Whether you are a 4-star Michelin chef or an avid TV-dinner microwaver, you are a real-life chemist! Just like great strides are being made in the chemistry world as evidenced by the number of different posts this month, the science of cooking is also constantly evolving and progressing. Avant-garde chefs are now stocking their kitchens with beakers, MSDSs, and liquid nitrogen, but most notably, they have recently started to use hydrocolloids to manipulate substances that we are familiar with like mayonnaise, butter, and more!
If you are anything like the common consumer, you have probably already had your fair share of hydrocolloid gums as they are often found in low-end products like Twinkies to improve texture and shelf life. If one were to look at the list of ingredients on a frozen dinner box, you would see the culmination of the work of food chemists and their journey to ensuring extended shelf lives by using hydrocolloids as industrial stabilizers.
The science behind hydrocolloids is fairly basic. To break it down, a colloid is a suspension of particles within a substance...so, a hydrocolloid is simply a suspension of particles in water where the particles are hydrophillic molecules that bind to water and to one another. These particles slow the flow of liquid or can solidify it into a gel. Common familiar hydrocolloids are cornstarch, agar-agar, and flour. However, just like any of the various compounds we have learned about in class, hydrocolloids can vary in properties depending on their molecular structure and affinity for water which we have seen when exploring polar molecules.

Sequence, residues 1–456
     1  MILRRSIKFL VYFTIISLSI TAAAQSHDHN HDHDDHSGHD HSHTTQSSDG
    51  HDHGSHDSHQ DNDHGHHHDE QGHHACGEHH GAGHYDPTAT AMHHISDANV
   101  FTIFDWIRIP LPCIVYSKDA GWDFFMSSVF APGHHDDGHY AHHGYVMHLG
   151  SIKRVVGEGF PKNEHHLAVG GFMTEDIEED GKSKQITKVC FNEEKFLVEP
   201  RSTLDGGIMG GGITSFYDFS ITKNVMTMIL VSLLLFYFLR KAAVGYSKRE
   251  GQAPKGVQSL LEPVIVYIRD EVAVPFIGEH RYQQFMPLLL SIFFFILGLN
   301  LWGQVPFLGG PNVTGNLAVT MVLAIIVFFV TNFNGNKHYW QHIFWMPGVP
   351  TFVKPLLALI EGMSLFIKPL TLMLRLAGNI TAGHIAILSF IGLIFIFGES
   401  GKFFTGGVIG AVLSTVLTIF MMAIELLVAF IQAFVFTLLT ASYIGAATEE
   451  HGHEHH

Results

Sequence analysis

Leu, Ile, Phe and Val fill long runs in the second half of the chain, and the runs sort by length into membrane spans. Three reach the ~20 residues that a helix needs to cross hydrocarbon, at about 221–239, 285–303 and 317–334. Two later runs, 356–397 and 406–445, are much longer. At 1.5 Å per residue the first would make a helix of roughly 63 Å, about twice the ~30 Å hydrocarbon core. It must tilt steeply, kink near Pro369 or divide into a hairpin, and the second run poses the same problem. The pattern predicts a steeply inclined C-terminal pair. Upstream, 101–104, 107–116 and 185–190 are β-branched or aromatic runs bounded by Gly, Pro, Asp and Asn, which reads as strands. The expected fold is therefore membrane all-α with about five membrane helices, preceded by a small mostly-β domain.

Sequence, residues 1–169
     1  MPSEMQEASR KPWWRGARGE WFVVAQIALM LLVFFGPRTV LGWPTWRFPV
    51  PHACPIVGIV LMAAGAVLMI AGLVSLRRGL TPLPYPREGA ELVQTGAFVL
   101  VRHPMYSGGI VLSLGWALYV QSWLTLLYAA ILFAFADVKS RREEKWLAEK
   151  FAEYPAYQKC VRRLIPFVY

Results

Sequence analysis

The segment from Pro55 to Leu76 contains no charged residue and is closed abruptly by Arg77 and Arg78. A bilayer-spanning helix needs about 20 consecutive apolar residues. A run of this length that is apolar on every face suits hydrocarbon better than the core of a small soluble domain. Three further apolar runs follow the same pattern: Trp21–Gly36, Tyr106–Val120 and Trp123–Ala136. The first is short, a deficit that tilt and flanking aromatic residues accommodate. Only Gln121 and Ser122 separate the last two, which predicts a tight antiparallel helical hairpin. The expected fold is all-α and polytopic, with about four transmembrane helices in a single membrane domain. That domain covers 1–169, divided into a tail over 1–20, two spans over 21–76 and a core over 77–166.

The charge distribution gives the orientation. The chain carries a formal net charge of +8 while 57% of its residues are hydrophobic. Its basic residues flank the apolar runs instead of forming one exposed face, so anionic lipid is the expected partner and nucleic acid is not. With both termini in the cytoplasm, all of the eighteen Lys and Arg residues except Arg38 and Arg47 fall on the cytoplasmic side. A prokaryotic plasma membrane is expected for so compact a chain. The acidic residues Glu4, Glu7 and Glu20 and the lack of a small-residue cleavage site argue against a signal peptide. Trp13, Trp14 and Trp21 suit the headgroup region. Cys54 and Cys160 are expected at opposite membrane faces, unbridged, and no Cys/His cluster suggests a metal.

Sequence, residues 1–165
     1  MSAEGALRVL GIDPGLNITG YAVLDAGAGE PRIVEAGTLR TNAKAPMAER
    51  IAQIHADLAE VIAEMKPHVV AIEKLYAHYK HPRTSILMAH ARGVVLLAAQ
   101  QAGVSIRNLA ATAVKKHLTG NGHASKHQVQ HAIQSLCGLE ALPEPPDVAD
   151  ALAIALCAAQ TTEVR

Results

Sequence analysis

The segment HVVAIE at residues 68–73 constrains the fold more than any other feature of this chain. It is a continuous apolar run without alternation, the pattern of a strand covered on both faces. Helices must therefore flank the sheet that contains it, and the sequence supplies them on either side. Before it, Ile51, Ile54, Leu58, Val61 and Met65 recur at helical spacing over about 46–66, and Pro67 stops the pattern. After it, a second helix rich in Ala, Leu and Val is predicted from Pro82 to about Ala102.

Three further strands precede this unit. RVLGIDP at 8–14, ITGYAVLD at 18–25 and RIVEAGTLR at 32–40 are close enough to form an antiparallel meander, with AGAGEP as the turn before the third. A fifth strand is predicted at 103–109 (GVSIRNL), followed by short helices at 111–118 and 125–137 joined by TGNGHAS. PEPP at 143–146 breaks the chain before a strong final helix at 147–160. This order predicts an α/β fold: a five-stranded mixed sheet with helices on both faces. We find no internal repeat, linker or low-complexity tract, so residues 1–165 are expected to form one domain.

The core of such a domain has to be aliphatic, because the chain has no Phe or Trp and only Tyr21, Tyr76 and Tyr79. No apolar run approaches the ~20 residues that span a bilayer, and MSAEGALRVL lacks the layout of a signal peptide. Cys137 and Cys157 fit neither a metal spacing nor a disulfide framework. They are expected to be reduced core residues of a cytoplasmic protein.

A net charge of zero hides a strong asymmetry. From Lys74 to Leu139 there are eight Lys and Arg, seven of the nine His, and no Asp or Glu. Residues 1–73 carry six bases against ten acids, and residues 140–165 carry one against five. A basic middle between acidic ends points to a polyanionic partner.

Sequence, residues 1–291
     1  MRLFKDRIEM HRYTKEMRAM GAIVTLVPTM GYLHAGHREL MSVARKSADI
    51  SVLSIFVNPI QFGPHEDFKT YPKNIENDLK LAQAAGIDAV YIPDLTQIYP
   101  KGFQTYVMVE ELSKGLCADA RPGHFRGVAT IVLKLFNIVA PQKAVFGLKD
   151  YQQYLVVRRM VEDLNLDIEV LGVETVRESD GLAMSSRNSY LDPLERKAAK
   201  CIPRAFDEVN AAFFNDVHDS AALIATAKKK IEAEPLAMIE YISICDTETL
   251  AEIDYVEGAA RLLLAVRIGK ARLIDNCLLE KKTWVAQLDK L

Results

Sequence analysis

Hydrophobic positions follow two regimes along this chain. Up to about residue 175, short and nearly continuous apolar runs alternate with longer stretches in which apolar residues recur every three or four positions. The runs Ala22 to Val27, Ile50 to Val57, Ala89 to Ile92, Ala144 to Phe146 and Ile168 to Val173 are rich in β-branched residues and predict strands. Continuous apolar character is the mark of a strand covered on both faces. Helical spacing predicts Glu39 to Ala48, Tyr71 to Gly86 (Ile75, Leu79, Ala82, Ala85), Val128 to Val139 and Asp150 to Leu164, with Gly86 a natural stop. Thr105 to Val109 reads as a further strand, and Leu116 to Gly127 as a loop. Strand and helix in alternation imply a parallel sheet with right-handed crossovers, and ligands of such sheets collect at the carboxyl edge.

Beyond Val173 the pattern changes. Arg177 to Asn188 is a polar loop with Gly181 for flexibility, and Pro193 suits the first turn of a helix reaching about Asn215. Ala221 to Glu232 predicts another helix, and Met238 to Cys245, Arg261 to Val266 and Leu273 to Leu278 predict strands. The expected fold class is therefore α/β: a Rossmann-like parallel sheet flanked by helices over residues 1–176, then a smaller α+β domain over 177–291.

A recent application of this substance includes the work of Chef Grant Achatz using the same substance that is commonly found in a petri dish - agar-agar - in combination with gelatin. Using the versatile hydrocolloid, he created transparent sheets infused with Guinness draped over a hot bed of beef short ribs. Normally, a sheet of solely gelatin would melt from the heat, but with the help of a hydrocolloid, he is able to create a sophisticated eating aesthetic. In addition to such a use, hydrocolloids have made it possible to fry mayonnaise, produce non-water leaking purees, to knot flexible foie gras, create non-melting butter in the oven, and more.
The work of these chefs is only possible with the work ethic and precision of chemists. These scientists can be found observing their multiple trials and recording the outcomes in notebooks while in the kitchen just like one would do in the lab. As hydrocolloids start to become a staple in everyday chefs' tool kits, we, the people, can start to look forward to such innovations reaching our plates!